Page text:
AGHAM – Advocates of Science and Technology for the People warns the government of the worsening economic crisis if it does not take action on the unprecedented price increase of diesel and gasoline. Another big-time oil price hike by PhP6.60/liter in diesel and PhP2.80/liter in gasoline was imposed by major oil companies this week. Because of these successive price hikes, prices of basic goods and services will surely increase in the following weeks as oil is crucial in every aspect of our economic activities.  

The Philippines as a net fuel importer has been dependent on Middle Eastern crude supply since 2017, making our country vulnerable to the threat of energy security. About 90% of our total oil import comes from the Middle East, with a sharp increase from 87% in 2016 [1]. On the other hand, the government is tied-up in controlling the retail price of oil because of the implementation of the Oil Deregulation Law. The said law allows the liberalization and deregulation of the downstream oil industry with the intent to have a competitive market leading to “fair prices, adequate and continuous supply of environmentally-clean and high-quality petroleum products”.  

The liberalization and deregulation of the oil industry has resulted in the “Big Three” dominating the oil industry, namely Petron Corporation, Philippines Shell and Chevron Philippines.  They dominate 53% of the fuel market, while about 46% of the local oil refineries are owned by Petron Corporation and Pilipinas Shell [2]. The corporate control of the country’s oil sector has led to the manipulation of the oil price and passed all additional costs to the consumers including 12% value added tax (VAT). The law removes state intervention that could have protected the consumers from abuses such as speculation and overcharging. Case in point is the reported profit of Shell amounting to €8.6 billion during the first quarter of 2022, three times higher in the same period last year [3]. This is a windfall profit for the oil companies exacting higher prices more than the real cost of oil. With the VAT imposed on fuel products, the government through the Bureau of Internal Revenue earned PhP 35 million from 2018 to 2020 [4].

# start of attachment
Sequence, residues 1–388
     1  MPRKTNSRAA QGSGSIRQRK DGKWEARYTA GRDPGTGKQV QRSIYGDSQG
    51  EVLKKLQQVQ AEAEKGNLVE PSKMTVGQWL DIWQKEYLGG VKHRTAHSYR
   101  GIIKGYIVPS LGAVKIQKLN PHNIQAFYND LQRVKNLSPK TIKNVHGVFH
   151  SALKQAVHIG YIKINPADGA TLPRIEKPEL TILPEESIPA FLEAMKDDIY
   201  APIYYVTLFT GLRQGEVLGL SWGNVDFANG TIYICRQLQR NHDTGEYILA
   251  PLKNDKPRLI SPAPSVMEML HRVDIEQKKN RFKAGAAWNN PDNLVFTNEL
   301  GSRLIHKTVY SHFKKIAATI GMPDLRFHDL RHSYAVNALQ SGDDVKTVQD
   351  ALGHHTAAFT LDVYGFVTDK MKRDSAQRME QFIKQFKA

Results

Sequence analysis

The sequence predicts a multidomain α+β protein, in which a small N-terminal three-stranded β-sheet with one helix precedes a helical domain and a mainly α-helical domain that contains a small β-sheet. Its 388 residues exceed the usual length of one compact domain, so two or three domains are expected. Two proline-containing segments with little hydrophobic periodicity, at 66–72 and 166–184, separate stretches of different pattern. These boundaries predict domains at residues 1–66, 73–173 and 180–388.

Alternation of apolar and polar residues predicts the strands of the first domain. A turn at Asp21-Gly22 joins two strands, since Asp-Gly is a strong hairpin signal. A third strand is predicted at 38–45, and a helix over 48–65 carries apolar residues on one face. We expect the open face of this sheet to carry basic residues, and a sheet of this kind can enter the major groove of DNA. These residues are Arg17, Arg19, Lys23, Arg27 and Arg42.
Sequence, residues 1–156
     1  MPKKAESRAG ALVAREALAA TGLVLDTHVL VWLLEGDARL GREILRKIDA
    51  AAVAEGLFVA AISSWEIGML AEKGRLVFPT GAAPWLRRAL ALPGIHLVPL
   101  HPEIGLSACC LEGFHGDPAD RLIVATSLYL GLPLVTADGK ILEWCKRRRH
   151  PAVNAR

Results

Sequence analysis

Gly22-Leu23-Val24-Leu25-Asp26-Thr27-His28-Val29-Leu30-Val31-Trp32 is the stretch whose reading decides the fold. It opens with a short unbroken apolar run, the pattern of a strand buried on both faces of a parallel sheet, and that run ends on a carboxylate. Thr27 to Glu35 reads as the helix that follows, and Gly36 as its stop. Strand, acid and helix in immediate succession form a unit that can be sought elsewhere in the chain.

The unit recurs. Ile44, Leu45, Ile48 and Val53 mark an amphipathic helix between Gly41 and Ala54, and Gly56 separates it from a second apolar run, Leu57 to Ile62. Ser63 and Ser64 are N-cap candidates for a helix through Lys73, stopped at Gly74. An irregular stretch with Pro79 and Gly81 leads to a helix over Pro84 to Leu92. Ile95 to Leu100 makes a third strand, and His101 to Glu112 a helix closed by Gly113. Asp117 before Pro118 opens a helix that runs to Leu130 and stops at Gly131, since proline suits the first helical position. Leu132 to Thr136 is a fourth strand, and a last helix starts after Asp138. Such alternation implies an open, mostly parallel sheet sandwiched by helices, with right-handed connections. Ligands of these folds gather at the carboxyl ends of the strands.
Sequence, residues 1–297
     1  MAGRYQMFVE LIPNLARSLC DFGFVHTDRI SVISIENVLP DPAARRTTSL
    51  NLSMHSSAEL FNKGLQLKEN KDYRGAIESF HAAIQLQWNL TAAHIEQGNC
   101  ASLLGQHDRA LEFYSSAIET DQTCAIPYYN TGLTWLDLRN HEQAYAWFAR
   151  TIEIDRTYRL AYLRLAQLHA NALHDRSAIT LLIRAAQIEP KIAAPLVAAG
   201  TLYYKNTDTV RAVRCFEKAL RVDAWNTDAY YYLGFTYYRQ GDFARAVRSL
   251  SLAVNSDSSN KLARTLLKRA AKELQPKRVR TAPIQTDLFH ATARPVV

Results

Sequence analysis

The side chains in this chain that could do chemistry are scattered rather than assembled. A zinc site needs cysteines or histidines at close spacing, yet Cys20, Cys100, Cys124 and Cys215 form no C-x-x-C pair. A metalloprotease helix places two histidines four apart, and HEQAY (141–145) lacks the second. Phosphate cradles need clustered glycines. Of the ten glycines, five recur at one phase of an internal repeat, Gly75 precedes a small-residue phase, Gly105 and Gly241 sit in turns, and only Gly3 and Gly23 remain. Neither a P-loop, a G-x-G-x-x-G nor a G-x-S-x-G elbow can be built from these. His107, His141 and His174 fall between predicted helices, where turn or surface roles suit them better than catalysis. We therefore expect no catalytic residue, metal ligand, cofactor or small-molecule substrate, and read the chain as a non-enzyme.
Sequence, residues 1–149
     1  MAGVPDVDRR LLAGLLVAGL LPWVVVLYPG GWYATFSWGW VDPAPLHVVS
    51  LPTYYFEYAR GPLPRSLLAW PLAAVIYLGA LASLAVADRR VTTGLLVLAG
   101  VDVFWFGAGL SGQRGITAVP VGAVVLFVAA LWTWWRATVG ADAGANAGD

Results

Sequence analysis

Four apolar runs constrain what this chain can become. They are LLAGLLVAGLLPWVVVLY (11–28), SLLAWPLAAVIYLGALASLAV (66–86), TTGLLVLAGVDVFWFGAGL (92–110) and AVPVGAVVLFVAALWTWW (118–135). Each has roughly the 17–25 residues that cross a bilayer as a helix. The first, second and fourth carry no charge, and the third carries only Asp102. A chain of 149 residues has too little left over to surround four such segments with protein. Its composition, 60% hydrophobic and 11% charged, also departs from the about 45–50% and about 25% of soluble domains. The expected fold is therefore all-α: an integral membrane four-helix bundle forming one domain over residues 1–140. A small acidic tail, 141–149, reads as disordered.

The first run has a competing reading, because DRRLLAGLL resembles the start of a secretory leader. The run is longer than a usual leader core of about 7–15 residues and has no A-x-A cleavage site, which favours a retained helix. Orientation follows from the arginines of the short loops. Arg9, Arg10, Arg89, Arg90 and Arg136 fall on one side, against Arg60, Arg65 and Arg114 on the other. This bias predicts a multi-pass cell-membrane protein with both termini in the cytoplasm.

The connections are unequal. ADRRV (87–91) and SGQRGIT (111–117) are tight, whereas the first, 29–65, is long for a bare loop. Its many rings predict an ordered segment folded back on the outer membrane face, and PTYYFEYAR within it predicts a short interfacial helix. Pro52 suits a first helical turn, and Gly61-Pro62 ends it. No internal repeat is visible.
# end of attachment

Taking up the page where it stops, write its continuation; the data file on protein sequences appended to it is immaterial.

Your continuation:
The oil crisis will continue to be a burden to the Filipino people and an impediment to our economic development. It is imperative for the government to undertake measures to alleviate the economic misery of the people. The government should immediately suspend fuel excise tax from the Tax Reform for Acceleration and Inclusion (TRAIN)  for the time being in relation to the volatility of the global oil prices. Another medium term action of the government is ensuring the buffer stocking of oil that can be utilized when the global market price is in the upsurge.

The government should have a long term perspective of achieving self-sufficiency on oil. With the windfall profit of the “Big Three” oil companies from the huge profits they earned from the consumers, the government can demand for windfall tax that we can utilize to initiate the development of our downstream oil industry, such as upscaling technological capacity for the oil and gas exploration and production and expansion of renewable energy resources.

Finally, we will not be able to address the systemic problem of the oil industry in the country if the government does not reverse its current framework that is liberalized and deregulated. We should start with the scrapping of the Oil Deregulation Act to initiate the nationalization of the industry for the people’s benefit and for the country’ development.#


[1] The Philippines’ dependence on Middle East crude on the rise, S&P Global Commodity Insights dated April 2, 2018,

[2] “Big 3” oil companies continue to dominate Philippine fuel market, but Phoenix Petroleum close behind, Fuel and Lubes Daily dated January 9, 2019,

[3] Shell profits almost triple as energy prices soar. Would a windfall tax hold oil giants accountable? dated May 5, 2022,

[4] Excise tax on petroleum products in the Philippines, Facts in Figures, Congressional Policy and Budget Research Department, February 2022 (No. 13)


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